CH 6: Proteins and Amino Acids

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Transcript CH 6: Proteins and Amino Acids

CH 6: Proteins and Amino Acids
Proteins
• Consider last as protein is the body’s least
desirable source of energy
– 4 kcal/gram
• When body uses protein for energy it is not
available to perform other critical functions
– No protein stores – all protein has a function in
the body
Chemical Nature of Proteins
• Proteins are made from 20 different amino acids 9 of
which are essential.
• Each amino acid has an amino group, an acid group, a
hydrogen atom, and a side group.
– It is the side group that makes each amino acid unique.
• Amino acids all contain the elements: C, H, O, N
• Carbs and lipids do not contain N
• Cannot make protein from carbs and lipids
© 2008 Thomson - Wadsworth
Chemical Nature of Proteins
• Proteins are chains of amino acids (a.a.) joined
by peptide bonds
– Order of the a.a. is determined by your DNA
– The sequence of amino acids in each protein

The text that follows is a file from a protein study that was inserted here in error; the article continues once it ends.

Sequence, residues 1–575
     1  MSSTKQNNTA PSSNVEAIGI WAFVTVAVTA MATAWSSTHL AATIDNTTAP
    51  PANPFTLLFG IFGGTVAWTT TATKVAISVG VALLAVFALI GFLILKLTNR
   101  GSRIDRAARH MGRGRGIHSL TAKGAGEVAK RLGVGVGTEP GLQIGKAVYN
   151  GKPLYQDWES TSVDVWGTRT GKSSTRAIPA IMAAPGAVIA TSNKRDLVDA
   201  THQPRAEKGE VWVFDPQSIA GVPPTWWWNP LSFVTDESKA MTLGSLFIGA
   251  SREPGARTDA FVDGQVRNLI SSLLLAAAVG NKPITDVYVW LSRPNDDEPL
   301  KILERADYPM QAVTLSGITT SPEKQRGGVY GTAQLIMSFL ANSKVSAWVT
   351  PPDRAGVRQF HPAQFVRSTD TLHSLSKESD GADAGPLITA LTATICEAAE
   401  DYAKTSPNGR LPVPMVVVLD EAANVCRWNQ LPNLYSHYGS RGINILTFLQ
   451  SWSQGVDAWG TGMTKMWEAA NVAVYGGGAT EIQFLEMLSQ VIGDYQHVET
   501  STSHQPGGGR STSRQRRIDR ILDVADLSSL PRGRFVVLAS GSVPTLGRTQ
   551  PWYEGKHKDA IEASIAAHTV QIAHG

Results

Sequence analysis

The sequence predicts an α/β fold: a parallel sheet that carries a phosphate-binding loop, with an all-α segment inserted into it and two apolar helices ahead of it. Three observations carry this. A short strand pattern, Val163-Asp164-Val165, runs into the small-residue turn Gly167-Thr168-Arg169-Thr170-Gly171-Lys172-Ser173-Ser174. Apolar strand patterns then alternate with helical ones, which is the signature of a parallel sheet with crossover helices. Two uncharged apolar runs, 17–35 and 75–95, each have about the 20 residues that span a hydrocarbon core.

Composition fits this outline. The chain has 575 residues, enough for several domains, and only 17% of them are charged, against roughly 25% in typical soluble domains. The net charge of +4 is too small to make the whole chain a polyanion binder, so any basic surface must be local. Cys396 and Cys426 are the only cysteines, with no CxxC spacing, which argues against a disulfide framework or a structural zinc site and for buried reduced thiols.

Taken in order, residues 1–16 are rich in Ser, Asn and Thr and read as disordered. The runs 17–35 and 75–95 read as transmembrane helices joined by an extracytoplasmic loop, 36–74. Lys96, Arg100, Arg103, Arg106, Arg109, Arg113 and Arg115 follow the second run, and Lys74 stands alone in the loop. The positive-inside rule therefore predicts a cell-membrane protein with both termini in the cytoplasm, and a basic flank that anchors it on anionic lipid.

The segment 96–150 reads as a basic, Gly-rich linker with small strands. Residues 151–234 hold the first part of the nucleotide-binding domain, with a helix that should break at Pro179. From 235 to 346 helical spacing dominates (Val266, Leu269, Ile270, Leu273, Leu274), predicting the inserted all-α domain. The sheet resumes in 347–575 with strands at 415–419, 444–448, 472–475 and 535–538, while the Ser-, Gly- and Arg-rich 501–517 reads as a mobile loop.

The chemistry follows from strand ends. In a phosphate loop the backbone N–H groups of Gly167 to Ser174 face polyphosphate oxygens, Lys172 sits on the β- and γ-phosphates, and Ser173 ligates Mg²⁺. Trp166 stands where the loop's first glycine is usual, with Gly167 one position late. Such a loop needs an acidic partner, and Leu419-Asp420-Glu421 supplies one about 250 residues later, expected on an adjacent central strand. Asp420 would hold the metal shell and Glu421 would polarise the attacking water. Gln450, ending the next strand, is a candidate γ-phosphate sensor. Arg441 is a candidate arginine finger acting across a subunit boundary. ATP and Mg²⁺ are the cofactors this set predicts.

determines its unique shape and function.
– For the protein to function the amino acids must
be in the correct order and the chain must fold up
properly
© 2008 Thomson - Wadsworth
© 2008 Thomson - Wadsworth
Amino Acids
• The body cannot make 9 of the amino acids –
these are the essential amino acids
– These amino acids must be supplied by the diet
• The body can make 11 of the amino acids
– These are the nonessential a.a.
• Some amino acids are conditionally essential,
required under certain conditions
Amino Acids
• Diet must provide all 9 of the essential a.a. on
a regular/daily basis for proteins to be made
– Need all 20 a.a. to make most proteins
– Animal sources of proteins contain all 9 essential
aa (one exception)
– Plant sources are missing or low in at least one
essential aa (one exception) – page 188
Protein Intake
• Recommended level of intake is expressed 2
ways:
– 10 – 25 % daily caloric intake
– 0.8 grams protein per kg body weight (RDA)
• Computer programs use this value
• Most meet this level EASILY
Protein Function
1. Growth, maintenance, and repair of body
tissue
•
Need protein to make muscles, skin, hair, blood
vessels……..
• Cannot grow without protein